Human Weapon DVD Review - www.impulsegamer.com -

Feature 8.5
Video 8.5
Audio 8.0
Special Features 5.0
Total 8.0
Distributor: Roadshow
Classification: Unrated
Minutes: 752 minutes
Reviewer: Simon Black

8.0


Human Weapon the Complete Season One

Though it ran for just a single season on the History Channel, Human Weapon featured a simple yet effective premise and was one of the more entertaining offerings from the station sometimes dubbed, not entirely inaccurately, ‘the Hitler Channel’.

Consisting of 16 one-hour episodes spread over four discs, the series follows mixed martial artist Jason Chambers and former wrestler and footballer Bill Duff, a hulking mountain of a chap, as they travel the world exploring all manner of fighting styles.  Each episode begins with an introduction into the particular region’s martial art, and shows footage of its exponents sparring and training.  The two hosts then undergo the tutelage of the discipline’s most experienced adherents, before one of the pair then undergoes an actual fight with a representative of the episode’s chosen style. 

The fighting styles featured, and the locations travelled to, are as follows:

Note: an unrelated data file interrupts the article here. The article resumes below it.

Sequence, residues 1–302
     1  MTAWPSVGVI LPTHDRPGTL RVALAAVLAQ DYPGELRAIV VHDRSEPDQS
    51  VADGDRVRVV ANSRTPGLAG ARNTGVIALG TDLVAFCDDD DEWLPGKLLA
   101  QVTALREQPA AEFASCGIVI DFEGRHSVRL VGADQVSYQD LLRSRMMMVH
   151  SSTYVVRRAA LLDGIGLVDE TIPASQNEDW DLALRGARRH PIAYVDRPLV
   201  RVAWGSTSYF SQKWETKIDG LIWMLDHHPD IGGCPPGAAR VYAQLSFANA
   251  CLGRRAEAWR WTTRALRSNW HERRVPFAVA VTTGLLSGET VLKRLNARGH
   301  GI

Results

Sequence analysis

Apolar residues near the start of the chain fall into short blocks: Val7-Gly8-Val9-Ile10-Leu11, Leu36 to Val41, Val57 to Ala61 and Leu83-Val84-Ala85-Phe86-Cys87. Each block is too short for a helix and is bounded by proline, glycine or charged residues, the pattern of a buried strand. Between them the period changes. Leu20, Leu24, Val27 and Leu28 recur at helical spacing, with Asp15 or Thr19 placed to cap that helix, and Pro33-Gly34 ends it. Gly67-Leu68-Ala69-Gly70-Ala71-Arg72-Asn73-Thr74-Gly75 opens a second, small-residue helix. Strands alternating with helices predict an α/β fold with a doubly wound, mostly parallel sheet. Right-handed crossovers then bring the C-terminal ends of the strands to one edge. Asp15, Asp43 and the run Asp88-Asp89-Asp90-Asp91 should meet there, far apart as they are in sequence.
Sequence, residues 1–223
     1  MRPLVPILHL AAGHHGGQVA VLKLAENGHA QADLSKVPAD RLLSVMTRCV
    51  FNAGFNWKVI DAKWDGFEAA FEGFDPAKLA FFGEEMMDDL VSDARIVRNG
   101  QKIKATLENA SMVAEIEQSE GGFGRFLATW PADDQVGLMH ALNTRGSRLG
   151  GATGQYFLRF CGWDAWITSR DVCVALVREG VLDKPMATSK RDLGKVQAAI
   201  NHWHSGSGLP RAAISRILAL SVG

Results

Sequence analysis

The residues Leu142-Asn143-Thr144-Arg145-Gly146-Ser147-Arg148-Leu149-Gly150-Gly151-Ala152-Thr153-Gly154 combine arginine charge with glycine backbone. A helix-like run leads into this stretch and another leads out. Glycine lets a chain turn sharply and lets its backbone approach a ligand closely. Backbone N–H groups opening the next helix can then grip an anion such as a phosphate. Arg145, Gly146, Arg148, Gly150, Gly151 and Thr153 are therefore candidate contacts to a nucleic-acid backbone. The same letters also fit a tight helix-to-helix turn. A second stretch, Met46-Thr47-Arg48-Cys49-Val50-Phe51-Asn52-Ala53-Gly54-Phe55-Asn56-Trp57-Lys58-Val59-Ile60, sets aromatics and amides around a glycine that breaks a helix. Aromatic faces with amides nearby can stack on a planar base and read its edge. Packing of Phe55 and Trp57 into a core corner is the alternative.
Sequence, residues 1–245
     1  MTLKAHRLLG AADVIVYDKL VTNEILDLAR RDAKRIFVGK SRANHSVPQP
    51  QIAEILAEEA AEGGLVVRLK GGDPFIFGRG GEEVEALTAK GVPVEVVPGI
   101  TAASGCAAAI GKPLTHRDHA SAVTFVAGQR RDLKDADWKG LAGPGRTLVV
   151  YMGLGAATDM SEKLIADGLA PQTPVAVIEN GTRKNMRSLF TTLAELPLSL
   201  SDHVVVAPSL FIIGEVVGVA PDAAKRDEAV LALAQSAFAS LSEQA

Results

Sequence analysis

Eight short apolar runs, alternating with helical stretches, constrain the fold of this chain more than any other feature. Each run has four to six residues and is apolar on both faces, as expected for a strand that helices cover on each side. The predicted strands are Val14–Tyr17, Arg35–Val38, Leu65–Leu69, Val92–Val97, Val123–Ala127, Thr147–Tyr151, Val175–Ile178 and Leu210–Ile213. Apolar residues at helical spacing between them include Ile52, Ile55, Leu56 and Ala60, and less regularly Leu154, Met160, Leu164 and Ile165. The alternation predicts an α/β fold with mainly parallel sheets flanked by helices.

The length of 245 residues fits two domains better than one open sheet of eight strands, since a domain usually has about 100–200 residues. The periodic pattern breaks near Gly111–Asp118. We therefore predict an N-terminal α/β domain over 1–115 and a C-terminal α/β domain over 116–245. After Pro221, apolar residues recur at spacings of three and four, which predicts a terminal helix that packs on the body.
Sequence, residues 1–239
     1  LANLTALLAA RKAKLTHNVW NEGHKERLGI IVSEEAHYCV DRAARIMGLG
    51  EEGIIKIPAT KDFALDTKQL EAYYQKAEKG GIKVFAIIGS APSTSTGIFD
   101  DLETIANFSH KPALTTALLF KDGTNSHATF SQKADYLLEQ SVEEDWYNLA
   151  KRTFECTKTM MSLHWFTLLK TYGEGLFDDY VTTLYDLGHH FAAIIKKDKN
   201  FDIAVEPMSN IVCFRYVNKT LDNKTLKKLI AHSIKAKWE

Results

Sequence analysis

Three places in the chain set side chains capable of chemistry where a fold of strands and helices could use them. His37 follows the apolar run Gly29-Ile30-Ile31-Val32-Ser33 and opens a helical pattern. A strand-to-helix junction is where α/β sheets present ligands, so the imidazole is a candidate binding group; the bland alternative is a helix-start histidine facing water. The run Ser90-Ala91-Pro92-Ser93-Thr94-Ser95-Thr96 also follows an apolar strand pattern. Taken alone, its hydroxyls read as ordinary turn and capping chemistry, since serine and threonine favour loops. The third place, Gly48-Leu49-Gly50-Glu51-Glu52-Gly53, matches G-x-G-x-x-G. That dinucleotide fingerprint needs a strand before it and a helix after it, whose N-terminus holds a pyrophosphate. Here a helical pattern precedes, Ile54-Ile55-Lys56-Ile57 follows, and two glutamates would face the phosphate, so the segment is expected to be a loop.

Muay Thai - Thailand

Eskrima - Philippines

Karate -  Japan

Savate - France

Judo - Japan

Pankration - Greece

Krav Maga - Israel

Marine Corps Martial Arts - United States

Mixed Martial Arts - United States

Kung Fu - China

Sambo - Russia

Pradel Serey - Cambodia

Silat - Malaysia

Ninjutsu - Japan

Taekwondo - South Korea

In addition to featuring tips from the masters of each style, the episodes outline the origins and historical context of each martial art.  They also feature motion capture repeats of key manoeuvres and stunning footage of some of the world’s most beautiful and exotic locations.  Furthermore the two hosts have a real rapport, and though the only thing on the line is pride each fight undertaken by the pair captures a real element of drama and suspense. 

The series also features some truly inspirational moments, such as an exchange with French Savate champion Gilles Le Duigou, who tells of one bout against a Japanese challenger in which he suffered two broken arms.  Rather than giving up, Le Duigou simply adjusted his fighting style to increase the speed and efficiency of his legwork, eventually winning on points.  When asked why he refused to concede in spite of the severity of his injuries (footage of the bout shows the damaged bones all but poking through the skin of his forearms) he replied simply ‘Because I don’t like defeat.  I don’t like it.’ 

All in all this expansive, well-crafted series will have much to offer fans of boxing, self-defence and martial arts, and may just find you practising a move or two in the relative safety of your living room.  Excellent stuff. 

Special Features

Isolated footage of the main techniques and fights depicted in each episode.






 
 



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